The Syrian Crisis

With every week that goes by in the Syria crisis, hundreds more lives are lost, policy options narrow and the chances of post-conflict stability grow worse. What started as a demand for internal reform has become a regional conflagration.

Inside Syria, the International Rescue Committee has talked with refugees who reported that life-threatening shortages of medicines and food and fuel shortages are a daily reality. There are allegations of truly horrific human rights abuse.

Nearly seven million Syrians are living in desperate conditions. In addition to nearly 100,000 killed inside Syria (and countless more dying for lack of medical help), close to a third of the Syrian population has been displaced within the country or beyond.

The strain on communities hosting refugees is tangible. There are refugee camps in Jordan, Iraq and Turkey, but across the region the large majority of refugees are fending for themselves in urban areas.

This humanitarian toll is now as much a part of the geopolitics as the balance of military power. The scale of killing has created sectarian reprisals, not just in Syria but in Lebanon and Iraq. Meanwhile, the extent of refugee flows is itself a source of destabilization. And under any scenario, there are many more refugees to come — not least the 250,000 to 300,000 Syrians living up against the Jordanian border.

[Excerpt of report by David Miliband, a former foreign secretary of Britain.]

The Cluster Approach to Humanitarian Relief

In the past decade the humanitarian relief system has responded to over a thousand natural disasters and complex emergencies in the world, affecting hundreds of millions of people.

Extreme weather and climate events have increased in both frequency and intensity, placing populations and assets at great risk. On top of the growing severity of natural disasters, there are increasing numbers of internally displaced persons, refugees, and asylum seekers due to war or internal conflicts.

In response to this growing need, the humanitarian system has evolved into an industry, with a plethora of organizations, all with different missions, mandates, and agendas.  With the increase of humanitarian actors, the relief system has met a series of challenges, including the need to both increase resources toward humanitarian ends and to improve operational effectiveness and efficiency.  Despite efforts to confront these challenges, much criticism has been leveled at the humanitarian system for failing to meet the basic requirements of affected populations in a timely manner, with the quality of response varying greatly from crisis to crisis.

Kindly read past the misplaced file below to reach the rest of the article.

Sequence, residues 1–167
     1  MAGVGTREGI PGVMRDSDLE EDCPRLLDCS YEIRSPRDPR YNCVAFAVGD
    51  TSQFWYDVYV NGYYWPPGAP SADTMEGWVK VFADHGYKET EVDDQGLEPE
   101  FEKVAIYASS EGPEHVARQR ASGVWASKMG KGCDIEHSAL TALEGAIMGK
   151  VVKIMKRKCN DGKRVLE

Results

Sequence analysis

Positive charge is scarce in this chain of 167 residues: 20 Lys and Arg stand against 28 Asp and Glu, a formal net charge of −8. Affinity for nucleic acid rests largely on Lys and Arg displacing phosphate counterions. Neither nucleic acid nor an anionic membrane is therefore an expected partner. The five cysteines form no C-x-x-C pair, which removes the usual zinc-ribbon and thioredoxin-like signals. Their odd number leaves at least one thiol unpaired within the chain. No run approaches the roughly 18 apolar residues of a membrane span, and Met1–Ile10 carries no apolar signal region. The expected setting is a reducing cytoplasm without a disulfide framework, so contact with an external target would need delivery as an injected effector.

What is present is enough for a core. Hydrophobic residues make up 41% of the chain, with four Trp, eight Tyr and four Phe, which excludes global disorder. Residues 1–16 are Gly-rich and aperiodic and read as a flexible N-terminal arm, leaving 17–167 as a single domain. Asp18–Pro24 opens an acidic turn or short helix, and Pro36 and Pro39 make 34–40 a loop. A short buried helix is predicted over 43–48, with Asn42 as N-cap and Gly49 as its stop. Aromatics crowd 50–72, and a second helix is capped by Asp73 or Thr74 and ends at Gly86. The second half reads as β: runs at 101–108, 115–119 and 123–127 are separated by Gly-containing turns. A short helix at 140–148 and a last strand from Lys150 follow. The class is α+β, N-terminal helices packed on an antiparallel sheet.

The Cluster Approach was implemented by the United Nations to address some of these concerns and to improve the coordination of humanitarian relief and actors.  Coordinating relief efforts entails minimizing the duplication of humanitarian services, whether by filling gaps or preventing overlap, and ensuring various organizations are synchronized to work together to achieve a common objective, thereby enabling a more coherent, effective, and efficient response.

Although the need for coordination in relief efforts is not disputed, there are generally two schools of thought on how coordination is best executed in humanitarian relief.  The first group is driven by governmental and inter-governmental bodies, and places an emphasis on a centralized, unified, hierarchical structure, which is assumed to be more effective and efficient.  The second group, preferred by NGOs, is based on a loose centralized approach to coordination.  This group tends to regard the centralization as a means of control over actors and focuses on how a diversity of efforts and approaches can ensure success: if one fails, all do not fail.

With a hierarchical structure featuring accountable lead agencies and encouraging equal-footed partnerships and collaboration, the Cluster Approach can be understood as an attempt to find a ‘middle-ground’ between the two schools.  Read more